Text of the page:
JP assured me that he felt God had me at camp this summer for a reason, though. He said I could stay on staff as part of the grounds and maintenance team, but the leadership also understood if I wanted to leave camp altogether at the end of the week.

I left the room. Passing by one male staffer, I told him I’d just received some tough news. I went to my cabin and closed the door.

What do I do? Wasn’t I called to work with youth? I know nothing about maintenance. What would it mean to leave camp with no other summer plans? Does my story really disqualify me from working with young men? What do I do?

At our Saturday staff meeting, JP announced that I would be joining program staff as part of the maintenance team. He also told me that if I ever needed help understanding the what or how of any task, I could ask him.

Good, I thought, because there will probably be several tasks I have never done before.

I’d be lying if I didn’t share how difficult that next week was for me. Seeing campers who weren’t part of my cabin; having a menial or completely new workload; having to form friendships with program staff as my new support.

Overwhelmed, I asked JP what my purpose even was for the summer. Why had I stayed at camp?

He encouraged me to use my new time as a ministry of prayer and care. When I was out mowing or weed-whipping, I could pray for the camp. As I set up campfires, I could thank God for creation. With the friendships I’d made with cabin leaders, I could pray over their campers.

It didn’t sound glamorous, but I gave it a try.

There were lots of sweaty prayers as I removed weeds around the lake. There were tearful prayers as I prayed over specific campers and asked why I wasn’t able to be more involved with camp. There were interceding prayers as I helped behind the scenes during worship.

I started connecting regularly during down times with Bart, one of the other guys on program staff. Slowly, I found tasks I could champion: unclogging toilets, fixing lights, weed-whipping for hours, and helping with cookout night.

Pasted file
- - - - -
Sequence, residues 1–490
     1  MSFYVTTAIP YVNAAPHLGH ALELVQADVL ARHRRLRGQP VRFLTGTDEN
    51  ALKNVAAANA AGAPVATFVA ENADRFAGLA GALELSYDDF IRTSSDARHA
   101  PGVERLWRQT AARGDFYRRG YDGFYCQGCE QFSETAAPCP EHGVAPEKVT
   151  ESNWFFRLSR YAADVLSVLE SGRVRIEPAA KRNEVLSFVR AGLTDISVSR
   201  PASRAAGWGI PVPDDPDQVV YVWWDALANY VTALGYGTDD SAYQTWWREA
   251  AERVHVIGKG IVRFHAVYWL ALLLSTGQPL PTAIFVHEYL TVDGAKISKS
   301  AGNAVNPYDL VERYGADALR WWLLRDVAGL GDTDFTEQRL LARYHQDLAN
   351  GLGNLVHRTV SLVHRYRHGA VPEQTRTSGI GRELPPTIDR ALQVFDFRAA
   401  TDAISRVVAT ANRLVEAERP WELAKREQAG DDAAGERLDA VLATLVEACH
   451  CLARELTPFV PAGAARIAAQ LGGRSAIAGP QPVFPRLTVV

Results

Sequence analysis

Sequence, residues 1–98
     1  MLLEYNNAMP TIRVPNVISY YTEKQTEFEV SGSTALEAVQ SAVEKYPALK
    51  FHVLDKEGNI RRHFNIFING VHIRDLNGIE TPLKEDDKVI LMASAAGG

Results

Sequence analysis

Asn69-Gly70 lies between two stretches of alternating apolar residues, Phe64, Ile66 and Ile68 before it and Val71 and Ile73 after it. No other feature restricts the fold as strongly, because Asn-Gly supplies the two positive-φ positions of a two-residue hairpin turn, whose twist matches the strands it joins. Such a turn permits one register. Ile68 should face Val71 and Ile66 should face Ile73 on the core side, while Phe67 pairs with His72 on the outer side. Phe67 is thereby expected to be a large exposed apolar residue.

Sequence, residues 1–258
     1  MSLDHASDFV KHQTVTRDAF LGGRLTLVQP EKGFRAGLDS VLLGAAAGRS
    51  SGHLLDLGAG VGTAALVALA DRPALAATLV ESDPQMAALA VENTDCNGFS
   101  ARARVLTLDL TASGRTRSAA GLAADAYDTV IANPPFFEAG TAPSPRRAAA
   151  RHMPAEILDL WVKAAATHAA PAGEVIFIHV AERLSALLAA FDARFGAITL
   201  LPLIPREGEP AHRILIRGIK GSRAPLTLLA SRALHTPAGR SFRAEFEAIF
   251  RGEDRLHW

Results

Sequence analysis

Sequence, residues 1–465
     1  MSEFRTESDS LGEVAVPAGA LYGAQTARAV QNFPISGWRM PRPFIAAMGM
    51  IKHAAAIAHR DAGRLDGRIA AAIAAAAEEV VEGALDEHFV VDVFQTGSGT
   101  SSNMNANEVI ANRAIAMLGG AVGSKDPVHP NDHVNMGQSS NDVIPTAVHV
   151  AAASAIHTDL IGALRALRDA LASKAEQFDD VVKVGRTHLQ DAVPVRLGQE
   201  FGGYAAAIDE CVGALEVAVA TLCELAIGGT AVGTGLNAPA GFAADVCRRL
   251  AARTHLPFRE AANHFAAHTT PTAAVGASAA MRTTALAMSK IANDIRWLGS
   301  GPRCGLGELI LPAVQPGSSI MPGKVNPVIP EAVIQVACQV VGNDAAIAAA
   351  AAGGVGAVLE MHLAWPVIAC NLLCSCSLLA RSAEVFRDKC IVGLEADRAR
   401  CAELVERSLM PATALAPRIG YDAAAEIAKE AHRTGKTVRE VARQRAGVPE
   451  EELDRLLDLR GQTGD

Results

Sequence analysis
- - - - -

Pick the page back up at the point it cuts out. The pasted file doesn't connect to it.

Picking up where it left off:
The rhythms of program staff were different, but it did allow space to be in nature, connect with God, and help make camp, well, camp.

One weekend toward the end of the summer, Bart and I were walking the trails, talking about life and how the summer had been, along with what was in store for the fall semester. The conversation turned to dating, and I felt myself tense up.

Did Bart know my secret? Had he guessed why I was moved from cabin-leading? I tried to answer his questions vaguely but honestly.

Eventually, I just asked him why all the talk about dating.

“I’ve seen the way you take care of people at camp, especially the female staffers,” Bart responded. “It’s clear that you care, and I wanted to learn how to be a better man for the next gal I date.”

Darn my overthinking and overanalyzing self. I proceeded to share my story — all of it — with Bart. He thanked me for trusting him with my story, and we continued on our trek.

As the summer wrapped up, I continued to enjoy my ministry of prayer, though tinged with anxiety about the upcoming semester. There were good conversations with JP about my unexpected growth during the summer, and with Bart about what the fall semester would hold for each of us.

The worship that final week couldn’t be matched. The laughter shared during staff reflection was contagious. Those final laps around the lake and stargazing the last few nights — reminders of how big and beautiful and mysterious God and his ways are to me.

Have you attended or worked at a Christian camp? Did your story with sexuality ever come up? What was great and what was difficult about camp?